Cyberattacks have made their way into the U.S. retirement system.
While we may have hoped that employer-sponsored retirement plans would escape the types of cyberattacks plaguing financial service providers and dominating headlines, service providers to employee benefit plans have experienced a substantial increase in cyberattacks over the past few years. One plan record keeper noted the number of these attacks have more than doubled since 2016.
Cybersecurity threats present new risks for fiduciaries of employer-sponsored retirement plans, as well as for advisers and other providers who serve them. However, these risks can be mitigated, and advisers and other plan service providers can add real value to client relationships by helping their clients navigate these risks.
While all cyberattacks involve criminal activity, they can vary in terms of technical sophistication and financial impact. Some attacks only seek to steal personal, confidential information, while others aim to steal money from a plan.
Here are some of the most common cyberattacks:
• "Malware" is software used to gain illicit access or control over a computer network. A notorious type of malware is "ransomware," which purports to lock a computer and its files until a ransom is paid.
• "Phishing" is an attack in which individuals are tricked into providing their log-in credentials, often by following a hyperlink sent to them through a fake but official-sounding email.
• Fraud encompasses stealing retirement plan assets or data through deception and misrepresentations. A person might call a plan record keeper's call center, falsely claiming to be a participant, and request a distribution.
These types of attacks frequently build on and follow each other. For example, an attacker might gain access to a record keeper's participant database as a result of a phishing attack sent to an employee of the record keeper. Then, participants' personal data could be leveraged in an attempt to obtain a distribution of their plan accounts.
No government oversight
While there is no central law governing the cybersecurity of retirement plans, there are several sources of potential liability that could result from failure to maintain adequate procedures to protect plan data and assets.
First, the Employee Retirement Income Security Act of 1974 requires fiduciaries to exercise prudence with regard to the administration of employee retirement and health plans. To the extent fiduciaries do not maintain prudent procedures to mitigate cybersecurity risks and an incident occurs, they may be held liable for a breach of fiduciary duty.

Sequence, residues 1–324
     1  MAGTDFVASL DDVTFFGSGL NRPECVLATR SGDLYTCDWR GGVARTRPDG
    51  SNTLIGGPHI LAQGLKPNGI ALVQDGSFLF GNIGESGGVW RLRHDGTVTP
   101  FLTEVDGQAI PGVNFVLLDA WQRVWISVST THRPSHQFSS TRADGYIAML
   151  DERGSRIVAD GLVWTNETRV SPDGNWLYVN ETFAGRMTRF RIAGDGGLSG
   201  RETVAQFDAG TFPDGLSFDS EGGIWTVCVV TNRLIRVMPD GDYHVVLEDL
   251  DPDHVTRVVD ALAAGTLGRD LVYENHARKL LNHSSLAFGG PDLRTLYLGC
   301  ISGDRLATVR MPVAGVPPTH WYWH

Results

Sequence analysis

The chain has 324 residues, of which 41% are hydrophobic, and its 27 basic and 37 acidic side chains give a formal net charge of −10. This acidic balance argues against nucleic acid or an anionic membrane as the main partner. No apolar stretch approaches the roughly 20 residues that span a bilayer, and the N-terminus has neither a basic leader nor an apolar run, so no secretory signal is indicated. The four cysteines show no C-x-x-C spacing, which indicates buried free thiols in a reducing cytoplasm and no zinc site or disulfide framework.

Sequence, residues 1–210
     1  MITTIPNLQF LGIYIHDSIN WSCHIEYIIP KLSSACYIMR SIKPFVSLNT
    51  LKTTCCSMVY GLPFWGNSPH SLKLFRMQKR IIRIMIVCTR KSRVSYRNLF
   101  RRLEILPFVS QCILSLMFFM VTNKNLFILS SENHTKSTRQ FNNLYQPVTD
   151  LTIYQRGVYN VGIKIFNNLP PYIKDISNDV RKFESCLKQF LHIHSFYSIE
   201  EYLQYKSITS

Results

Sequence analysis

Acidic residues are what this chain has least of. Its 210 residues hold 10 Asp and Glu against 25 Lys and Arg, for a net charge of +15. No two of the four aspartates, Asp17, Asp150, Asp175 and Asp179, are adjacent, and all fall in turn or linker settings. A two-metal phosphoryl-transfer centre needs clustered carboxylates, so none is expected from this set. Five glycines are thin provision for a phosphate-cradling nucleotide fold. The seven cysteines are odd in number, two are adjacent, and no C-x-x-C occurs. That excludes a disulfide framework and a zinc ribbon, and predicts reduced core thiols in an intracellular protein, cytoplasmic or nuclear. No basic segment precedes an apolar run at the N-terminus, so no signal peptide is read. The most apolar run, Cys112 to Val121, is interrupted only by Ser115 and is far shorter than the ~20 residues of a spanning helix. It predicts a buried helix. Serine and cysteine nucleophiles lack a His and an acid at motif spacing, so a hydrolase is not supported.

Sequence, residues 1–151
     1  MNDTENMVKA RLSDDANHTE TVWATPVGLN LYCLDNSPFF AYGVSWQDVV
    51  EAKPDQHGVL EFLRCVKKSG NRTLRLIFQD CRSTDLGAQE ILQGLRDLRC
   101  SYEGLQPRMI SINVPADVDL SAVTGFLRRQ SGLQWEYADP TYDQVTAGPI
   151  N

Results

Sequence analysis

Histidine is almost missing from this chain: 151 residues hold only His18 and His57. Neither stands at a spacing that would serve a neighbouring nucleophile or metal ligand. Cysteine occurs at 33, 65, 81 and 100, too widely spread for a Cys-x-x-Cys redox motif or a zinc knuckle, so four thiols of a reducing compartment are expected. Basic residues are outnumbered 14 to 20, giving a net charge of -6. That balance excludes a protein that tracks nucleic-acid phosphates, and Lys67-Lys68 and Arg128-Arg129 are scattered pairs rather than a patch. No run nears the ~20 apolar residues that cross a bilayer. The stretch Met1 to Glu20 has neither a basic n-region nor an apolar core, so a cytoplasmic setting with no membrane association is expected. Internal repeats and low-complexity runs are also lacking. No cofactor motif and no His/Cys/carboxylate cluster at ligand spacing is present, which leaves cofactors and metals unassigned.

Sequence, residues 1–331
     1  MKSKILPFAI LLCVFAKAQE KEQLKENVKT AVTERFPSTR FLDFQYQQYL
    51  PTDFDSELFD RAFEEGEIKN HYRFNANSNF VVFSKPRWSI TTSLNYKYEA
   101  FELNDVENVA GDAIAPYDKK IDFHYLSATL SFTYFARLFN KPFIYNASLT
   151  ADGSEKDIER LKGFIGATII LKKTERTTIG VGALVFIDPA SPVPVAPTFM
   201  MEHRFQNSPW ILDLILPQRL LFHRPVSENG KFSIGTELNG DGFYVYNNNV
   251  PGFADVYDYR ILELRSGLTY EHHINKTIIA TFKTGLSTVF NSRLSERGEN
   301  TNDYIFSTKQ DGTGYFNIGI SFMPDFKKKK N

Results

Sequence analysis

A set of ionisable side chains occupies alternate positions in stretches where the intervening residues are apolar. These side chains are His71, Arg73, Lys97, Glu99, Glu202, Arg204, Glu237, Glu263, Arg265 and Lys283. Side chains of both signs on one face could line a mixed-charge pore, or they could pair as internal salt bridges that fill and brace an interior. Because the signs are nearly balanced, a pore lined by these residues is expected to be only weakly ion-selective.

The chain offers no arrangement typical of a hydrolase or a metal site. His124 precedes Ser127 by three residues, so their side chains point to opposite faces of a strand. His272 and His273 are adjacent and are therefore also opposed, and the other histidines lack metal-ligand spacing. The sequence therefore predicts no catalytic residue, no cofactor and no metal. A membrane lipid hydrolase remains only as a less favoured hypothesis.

Second, myriad state privacy laws may apply, and state administrative agencies may undertake enforcement actions against companies that are subjects of cybersecurity incidents.
Third, advisers and other service providers whose plan assets or data are stolen may be subject to contractual liability for failing to take commercially reasonable precautions.
If a cyber incident can be traced to a specific service provider, the service provider may be expected to make the plan whole for losses suffered by the plan and its participants. Among the expenses the service provider could be exposed to:
• Costs to uncover the extent of the breach and to recover damaged data.
• Reimbursement of stolen assets.
• Identity-theft protection and monitoring costs for plan participants.
Although it is not possible to completely eliminate cyberbreaches, advisers, plan service providers and plan fiduciaries should establish a prudent process for understanding and managing risks.
It is becoming more common for plan fiduciaries to ask potential plan providers about their cybersecurity policies and procedures as part of the request for proposal process. Therefore, advisers and other service providers that have cybersecurity policies and procedures in place and can help a plan develop or refine its own may have a competitive advantage in the marketplace.
The content of such policies and procedures will depend on each enterprise's individual circumstances, but high points to touch on include:
• Taking inventory of where participant and other confidential data is stored and who has access to it.
• Strategies to prevent a cybersecurity incident, which may include training for employees and plan officials; a "data diet," limiting access to only those who need it; and maintaining up-to-date software and hardware, including encryption and firewalls.
• Regular monitoring to determine vulnerabilities and detect whether an intrusion occurred.
• Steps to be taken to address an incident should one occur, including determining the scope of the problem, notifying plan participants and enacting corrective measures.
Advisers and plan service providers may want to consider purchasing cybersecurity insurance. Traditional fiduciary liability or errors and omissions insurance may not provide the necessary coverage, or may limit coverage until a legal claim is made.
Stephen M. Saxon is a partner at Groom Law Group